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polygons

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Component

Context

Length

Relevant

Standards

Descriptors

they will use as they learn the Geometry Unit. This lesson is an

introduction to polygons. Following the lesson, they will continue the

Geometry Unit, and learn about lines, line segments and rays.

Introduction To Polygons

Can you name some examples of polygons?

Can you describe what makes a shape a polygon?

Can you categorize shapes into regular and irregular

polygons?

Third Grade

The lesson will approximately take 45 minutes.

Common Core State Standards:

3.G.A.1

Understand that shapes in different categories (e.g., rhombuses, rectangles,

and others) may share attributes (e.g., having four sides), and that the shared

attributes can define a larger category (e.g., quadrilaterals). Recognize

rhombuses, rectangles, and squares as examples of quadrilaterals, and draw

examples of quadrilaterals that do not belong to any of these subcategories.

MP3

Construct viable arguments and critique the reasoning of others.

MP6

Attend to precision.

ISTE NETS Standards:

1. Creativity and Innovation

Students demonstrate creative thinking, construct knowledge, and develop

innovative products and processes using technology.

2. Communication and Collaboration

Students use digital media and environments to communicate and work

collaboratively, including at a distance, to support individual learning and

contribute to the learning of others.

Learner

Outcomes

Students will explain attributes of the shapes.

Assessments

Students will share opinions and critique whether they agree with

their peers.

Students will use technology to demonstrate creative thinking,

knowledge and create a digital document categorizing polygons.

Students will use technology to work collaboratively.

Wording is clear and written in terms of student performance

composed of the diagram and the written portion of the polygon activity.

Resources

Anticipatory Set

Ipads with Internet access

Internet access to Math is Fun and Google Apps for Education

Paper to fold

Pencils

I will ask the students where they think they have seen polygons before. We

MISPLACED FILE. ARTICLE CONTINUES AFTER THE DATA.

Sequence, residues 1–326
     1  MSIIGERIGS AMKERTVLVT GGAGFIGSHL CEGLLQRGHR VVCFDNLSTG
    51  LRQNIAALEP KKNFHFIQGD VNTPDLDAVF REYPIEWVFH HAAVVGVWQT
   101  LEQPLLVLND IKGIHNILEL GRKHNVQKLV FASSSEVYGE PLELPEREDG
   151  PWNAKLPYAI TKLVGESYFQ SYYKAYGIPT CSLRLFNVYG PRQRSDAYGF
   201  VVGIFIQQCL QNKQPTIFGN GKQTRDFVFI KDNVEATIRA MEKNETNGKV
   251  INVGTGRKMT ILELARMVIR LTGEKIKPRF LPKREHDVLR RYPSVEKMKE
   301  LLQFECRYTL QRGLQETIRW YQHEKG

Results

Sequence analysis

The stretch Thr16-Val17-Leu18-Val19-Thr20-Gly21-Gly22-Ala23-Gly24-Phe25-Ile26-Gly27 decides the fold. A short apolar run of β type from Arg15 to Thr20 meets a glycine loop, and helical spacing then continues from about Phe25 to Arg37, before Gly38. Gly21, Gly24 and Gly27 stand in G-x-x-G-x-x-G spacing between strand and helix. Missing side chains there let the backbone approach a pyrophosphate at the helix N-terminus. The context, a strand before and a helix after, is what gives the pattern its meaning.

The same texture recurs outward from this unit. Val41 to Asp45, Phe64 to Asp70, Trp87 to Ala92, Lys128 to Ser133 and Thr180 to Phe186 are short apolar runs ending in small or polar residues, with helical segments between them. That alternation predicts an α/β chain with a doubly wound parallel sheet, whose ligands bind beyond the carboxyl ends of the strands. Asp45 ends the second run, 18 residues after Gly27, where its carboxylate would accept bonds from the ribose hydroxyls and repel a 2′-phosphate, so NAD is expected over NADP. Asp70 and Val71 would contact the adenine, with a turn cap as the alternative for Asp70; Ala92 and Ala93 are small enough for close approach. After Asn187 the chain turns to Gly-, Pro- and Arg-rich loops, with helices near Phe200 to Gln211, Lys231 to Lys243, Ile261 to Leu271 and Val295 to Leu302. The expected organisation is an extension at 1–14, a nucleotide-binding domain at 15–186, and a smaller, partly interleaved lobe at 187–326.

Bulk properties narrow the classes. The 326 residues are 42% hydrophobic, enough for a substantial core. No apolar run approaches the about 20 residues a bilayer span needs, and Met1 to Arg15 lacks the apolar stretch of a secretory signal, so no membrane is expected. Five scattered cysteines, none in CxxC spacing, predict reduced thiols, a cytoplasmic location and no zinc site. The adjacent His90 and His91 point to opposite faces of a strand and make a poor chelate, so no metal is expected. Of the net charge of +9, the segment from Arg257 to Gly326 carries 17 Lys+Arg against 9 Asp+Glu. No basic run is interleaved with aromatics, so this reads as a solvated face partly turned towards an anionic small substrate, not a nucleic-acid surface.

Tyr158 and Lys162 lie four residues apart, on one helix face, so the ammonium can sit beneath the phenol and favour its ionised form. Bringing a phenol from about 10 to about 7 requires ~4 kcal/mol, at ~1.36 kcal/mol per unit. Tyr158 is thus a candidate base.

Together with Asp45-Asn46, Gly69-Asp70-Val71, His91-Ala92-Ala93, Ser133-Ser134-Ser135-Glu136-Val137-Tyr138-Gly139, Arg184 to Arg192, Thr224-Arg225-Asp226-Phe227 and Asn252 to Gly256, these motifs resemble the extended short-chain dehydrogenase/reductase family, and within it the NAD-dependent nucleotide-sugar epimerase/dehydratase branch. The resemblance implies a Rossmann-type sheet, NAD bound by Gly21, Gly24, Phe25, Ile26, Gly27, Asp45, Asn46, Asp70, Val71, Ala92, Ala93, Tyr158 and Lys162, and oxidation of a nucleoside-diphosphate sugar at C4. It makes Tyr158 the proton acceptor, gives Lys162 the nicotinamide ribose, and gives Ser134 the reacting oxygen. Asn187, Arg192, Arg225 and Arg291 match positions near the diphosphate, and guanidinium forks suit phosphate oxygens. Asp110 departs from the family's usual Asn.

will have a brief discussion on different polygons that are familiar from

everyday life.

Students read the definition of a simple polygon with examples.

A polygon is a flat figure that is made up of straight lines and is enclosed.

A few notes on the definition of a polygon that hopefully will help you

remember:

Enclosed - all the lines fit end-to-end and form a figure with no

openings.

The following figures are not enclosed and are not polygons:

Types of Polygons

There are a lot of types of polygons. Some you've probably heard of before

like squares, triangles, and rectangles. We'll learn more about these and

others. Polygons are named for the number of sides they have. Here is a list

to use for discussion on polygon names depending on the number of sides

they have, starting with three and ending with ten.

3 sides - Triangle

4 sides - Quadrilateral

5 sides - Pentagon

6 sides - Hexagon

7 sides - Heptagon

8 sides - Octagon

9 sides - Nonagon

10 sides - Decagon

There are also polygons with many more names and sides. When the number

of sides gets really high, mathematicians sometimes use the number of sides

"n" and call it an n-gon. For example if a polygon has 41 sides, it would be

called a 41-gon.

Convex or Concave Polygons

A polygon is either convex or concave. It's convex if any line drawn through

it intersects only two other lines. If any line drawn through the polygon can

hit more than two other lines, then it's concave.

Examples:

Concave

Convex

In a convex polygon, every angle is less than 180 degrees. In a concave there

is at least one angle greater than 180 degrees.

Regular Polygons

A regular polygon has lines that are all the same length and it also has all the

same angles.

Not regular:

makes a shape a polygon and what does not. We will learn the

difference between regular and irregular polygons.

Procedures

https://www.youtube.com/watch?v=69lfTURDles.

2. As they are doing that, I draw some more examples up on the whiteboard.

I ask them to think about (and talk quietly with a neighbor) which of the

forms on the board are polygons, which are not, and why. I include concave